credit cards

Building a good credit score in college

Leslie McFaddenQuestionDear Credit Card Adviser,
I have a question regarding payment to credit card bills. I'm a new college student, age 22. During this year, I was having a difficult time getting a credit card by my own means simply because of lack of credit history. Two months ago, I began applying for credit cards online until I got a response from a card company from Discover. I was shocked that I got accepted, yet I am still trying to figure things out about how credit score works. I've been using my card for only necessary things like gas and groceries. I was doing some research online about credit cards and the best way to take a responsible use of credit card and staying within credit limit. And I came across your blog, and these are my questions:

How does credit score really work? Is it best to pay off my credit card balance in full or make minimum payments? Does making minimum payments hurt your credit score in the future?
-- John

AnswerDear John,
Paying your credit card balance in full is smart financially, but it won't improve your credit score directly. Neither will making the minimum payment, by itself, harm the score. Let me emphasize that -- you don't get any points for paying interest or paying in full. People who tell you they are "keeping a small balance to help my score" are paying interest foolishly. Your credit score is based on your credit report, and whether you carry a balance or not isn't noted on your report.

Your balance will appear on your report, though, and that can affect your credit score. In fact, the proportion of available credit currently being used on revolving accounts is a heavily-weighted component in the FICO score, a credit score that many lenders use. A high debt-to-credit limit ratio, or utilization, can result in a lower score.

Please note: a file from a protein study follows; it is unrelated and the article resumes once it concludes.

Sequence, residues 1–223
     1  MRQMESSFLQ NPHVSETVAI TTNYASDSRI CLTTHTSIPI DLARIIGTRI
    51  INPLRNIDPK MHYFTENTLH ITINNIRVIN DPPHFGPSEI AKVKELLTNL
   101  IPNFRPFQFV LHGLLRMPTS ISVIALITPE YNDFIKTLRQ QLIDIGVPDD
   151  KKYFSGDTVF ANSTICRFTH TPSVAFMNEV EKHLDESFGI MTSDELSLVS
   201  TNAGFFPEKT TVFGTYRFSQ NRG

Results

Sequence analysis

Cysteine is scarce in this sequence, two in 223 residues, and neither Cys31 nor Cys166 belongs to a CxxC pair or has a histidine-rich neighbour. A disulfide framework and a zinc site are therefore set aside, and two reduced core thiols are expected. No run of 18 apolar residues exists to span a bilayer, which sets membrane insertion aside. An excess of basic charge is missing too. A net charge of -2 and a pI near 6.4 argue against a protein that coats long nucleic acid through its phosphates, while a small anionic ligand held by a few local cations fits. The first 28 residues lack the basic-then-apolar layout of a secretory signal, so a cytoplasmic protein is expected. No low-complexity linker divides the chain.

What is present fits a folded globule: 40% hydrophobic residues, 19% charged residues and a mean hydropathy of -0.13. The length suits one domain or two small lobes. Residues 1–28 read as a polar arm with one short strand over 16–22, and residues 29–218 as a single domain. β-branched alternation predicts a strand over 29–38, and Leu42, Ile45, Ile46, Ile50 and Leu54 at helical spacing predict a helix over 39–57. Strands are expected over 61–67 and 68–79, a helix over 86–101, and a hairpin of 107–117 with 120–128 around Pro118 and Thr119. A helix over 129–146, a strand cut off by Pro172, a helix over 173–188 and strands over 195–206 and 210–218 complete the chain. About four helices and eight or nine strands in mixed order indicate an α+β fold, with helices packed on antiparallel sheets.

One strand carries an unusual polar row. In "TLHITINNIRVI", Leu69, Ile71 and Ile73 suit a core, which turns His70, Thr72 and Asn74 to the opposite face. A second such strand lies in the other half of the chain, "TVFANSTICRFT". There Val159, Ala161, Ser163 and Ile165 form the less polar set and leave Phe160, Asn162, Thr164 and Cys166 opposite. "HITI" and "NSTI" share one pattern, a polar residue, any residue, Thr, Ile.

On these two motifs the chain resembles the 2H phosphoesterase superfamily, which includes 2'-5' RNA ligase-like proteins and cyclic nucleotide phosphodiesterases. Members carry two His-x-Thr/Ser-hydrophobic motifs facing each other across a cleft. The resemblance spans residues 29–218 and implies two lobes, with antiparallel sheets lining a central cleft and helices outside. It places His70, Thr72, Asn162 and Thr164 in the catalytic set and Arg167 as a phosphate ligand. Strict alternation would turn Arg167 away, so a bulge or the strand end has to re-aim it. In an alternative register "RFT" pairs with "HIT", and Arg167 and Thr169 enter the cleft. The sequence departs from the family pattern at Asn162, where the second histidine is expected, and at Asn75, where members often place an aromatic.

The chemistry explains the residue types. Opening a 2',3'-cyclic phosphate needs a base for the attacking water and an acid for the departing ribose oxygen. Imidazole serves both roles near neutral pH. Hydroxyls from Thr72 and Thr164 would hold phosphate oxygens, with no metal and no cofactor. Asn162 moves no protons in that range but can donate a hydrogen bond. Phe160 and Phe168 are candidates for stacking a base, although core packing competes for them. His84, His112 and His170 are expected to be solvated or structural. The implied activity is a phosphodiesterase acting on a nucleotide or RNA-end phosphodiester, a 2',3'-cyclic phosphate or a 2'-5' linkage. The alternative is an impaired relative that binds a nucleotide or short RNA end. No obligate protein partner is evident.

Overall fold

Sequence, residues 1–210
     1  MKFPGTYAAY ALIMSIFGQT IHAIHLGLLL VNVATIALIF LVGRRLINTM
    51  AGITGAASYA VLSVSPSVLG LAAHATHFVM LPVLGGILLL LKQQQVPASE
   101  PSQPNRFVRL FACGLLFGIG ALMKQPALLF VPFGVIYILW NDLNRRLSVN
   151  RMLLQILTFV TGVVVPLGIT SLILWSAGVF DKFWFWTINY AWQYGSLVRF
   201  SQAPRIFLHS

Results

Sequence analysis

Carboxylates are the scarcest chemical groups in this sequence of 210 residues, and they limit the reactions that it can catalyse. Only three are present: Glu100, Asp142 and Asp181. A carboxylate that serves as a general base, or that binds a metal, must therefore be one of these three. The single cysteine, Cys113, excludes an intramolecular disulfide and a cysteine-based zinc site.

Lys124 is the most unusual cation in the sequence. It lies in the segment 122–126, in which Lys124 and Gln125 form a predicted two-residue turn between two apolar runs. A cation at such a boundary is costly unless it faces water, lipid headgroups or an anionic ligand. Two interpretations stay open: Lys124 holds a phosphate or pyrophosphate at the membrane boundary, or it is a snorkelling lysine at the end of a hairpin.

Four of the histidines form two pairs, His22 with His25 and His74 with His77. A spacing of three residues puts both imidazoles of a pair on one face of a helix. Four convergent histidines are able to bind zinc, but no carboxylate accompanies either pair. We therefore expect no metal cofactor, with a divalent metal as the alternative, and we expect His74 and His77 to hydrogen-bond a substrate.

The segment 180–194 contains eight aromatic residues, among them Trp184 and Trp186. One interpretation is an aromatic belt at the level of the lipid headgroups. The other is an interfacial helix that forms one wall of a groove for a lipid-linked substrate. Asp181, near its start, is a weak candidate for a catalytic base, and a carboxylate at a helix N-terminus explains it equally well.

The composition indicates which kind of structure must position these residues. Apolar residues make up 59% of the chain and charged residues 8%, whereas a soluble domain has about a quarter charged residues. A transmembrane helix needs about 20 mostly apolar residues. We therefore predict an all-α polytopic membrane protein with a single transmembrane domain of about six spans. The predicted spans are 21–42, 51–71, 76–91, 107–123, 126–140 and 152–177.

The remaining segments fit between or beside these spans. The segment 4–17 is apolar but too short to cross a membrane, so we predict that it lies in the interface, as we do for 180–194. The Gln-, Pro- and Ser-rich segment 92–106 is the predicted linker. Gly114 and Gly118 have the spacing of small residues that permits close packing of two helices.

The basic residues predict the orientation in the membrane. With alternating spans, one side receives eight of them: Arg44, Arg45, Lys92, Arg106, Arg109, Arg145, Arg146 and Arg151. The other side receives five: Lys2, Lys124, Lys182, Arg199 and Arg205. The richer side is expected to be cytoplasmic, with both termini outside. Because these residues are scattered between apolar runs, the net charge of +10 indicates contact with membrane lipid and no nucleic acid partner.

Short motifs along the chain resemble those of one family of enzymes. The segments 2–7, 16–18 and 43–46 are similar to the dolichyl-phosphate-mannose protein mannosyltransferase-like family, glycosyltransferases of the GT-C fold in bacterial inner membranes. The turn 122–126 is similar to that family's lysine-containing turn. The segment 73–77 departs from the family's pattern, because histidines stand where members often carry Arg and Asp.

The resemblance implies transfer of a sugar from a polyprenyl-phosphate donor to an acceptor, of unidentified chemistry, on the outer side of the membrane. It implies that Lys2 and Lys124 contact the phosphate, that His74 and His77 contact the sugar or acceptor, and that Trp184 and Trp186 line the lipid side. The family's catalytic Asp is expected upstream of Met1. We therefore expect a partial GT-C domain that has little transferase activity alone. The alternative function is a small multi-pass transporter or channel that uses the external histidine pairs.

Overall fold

Where paying only the minimum would hurt you is if you had a high balance that wasn't decreasing much each month. Paying more than the minimum would reduce the balance that reflects in your utilization, which should have a positive effect on your credit rating.

To keep a low utilization ratio, use your new credit card lightly. Paying in full doesn't necessarily hide a high balance charged with your credit card. explains that "even if you pay your credit cards in full each month, the balance shown on your credit report may not be $0. Instead, it will reflect your account balance at the time your lender supplied the update to the credit reporting agency."

Bottom line, I think it's best to pay on time and in full while keeping monthly balances low. This strategy keeps you out of debt and helps to build a good score over time. Experts disagree over the threshold to keep monthly balances under, but in general, the lower your utilization is, the better.

For more tips, read this previous column on improving your credit score.

Ask the adviser

To ask a question of the Credit Card Adviser, go to the "Ask the Experts" page, and select "Credit Cards." Read more columns by the Credit Card Adviser. Follow Leslie McFadden on Twitter.

Bankrate's content, including the guidance of its advice-and-expert columns and this Web site, is intended only to assist you with financial decisions. The content is broad in scope and does not consider your personal financial situation. Bankrate recommends that you seek the advice of advisers who are fully aware of your individual circumstances before making any final decisions or implementing any financial strategy. Please remember that your use of this Web site is governed by Bankrate's Terms of Use.

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